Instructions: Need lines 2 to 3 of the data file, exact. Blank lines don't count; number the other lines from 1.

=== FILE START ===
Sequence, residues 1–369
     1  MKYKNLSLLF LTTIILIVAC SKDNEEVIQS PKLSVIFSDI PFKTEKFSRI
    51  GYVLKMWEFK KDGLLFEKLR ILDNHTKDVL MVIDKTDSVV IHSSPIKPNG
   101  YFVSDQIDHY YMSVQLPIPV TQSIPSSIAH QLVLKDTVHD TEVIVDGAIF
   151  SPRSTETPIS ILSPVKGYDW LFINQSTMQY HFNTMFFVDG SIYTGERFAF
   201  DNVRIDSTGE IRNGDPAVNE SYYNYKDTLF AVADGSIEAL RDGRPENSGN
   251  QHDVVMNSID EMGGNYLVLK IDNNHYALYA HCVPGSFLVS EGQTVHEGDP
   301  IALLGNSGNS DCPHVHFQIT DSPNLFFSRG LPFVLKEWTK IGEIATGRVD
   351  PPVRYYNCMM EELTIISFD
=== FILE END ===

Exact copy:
     1  MKYKNLSLLF LTTIILIVAC SKDNEEVIQS PKLSVIFSDI PFKTEKFSRI
    51  GYVLKMWEFK KDGLLFEKLR ILDNHTKDVL MVIDKTDSVV IHSSPIKPNG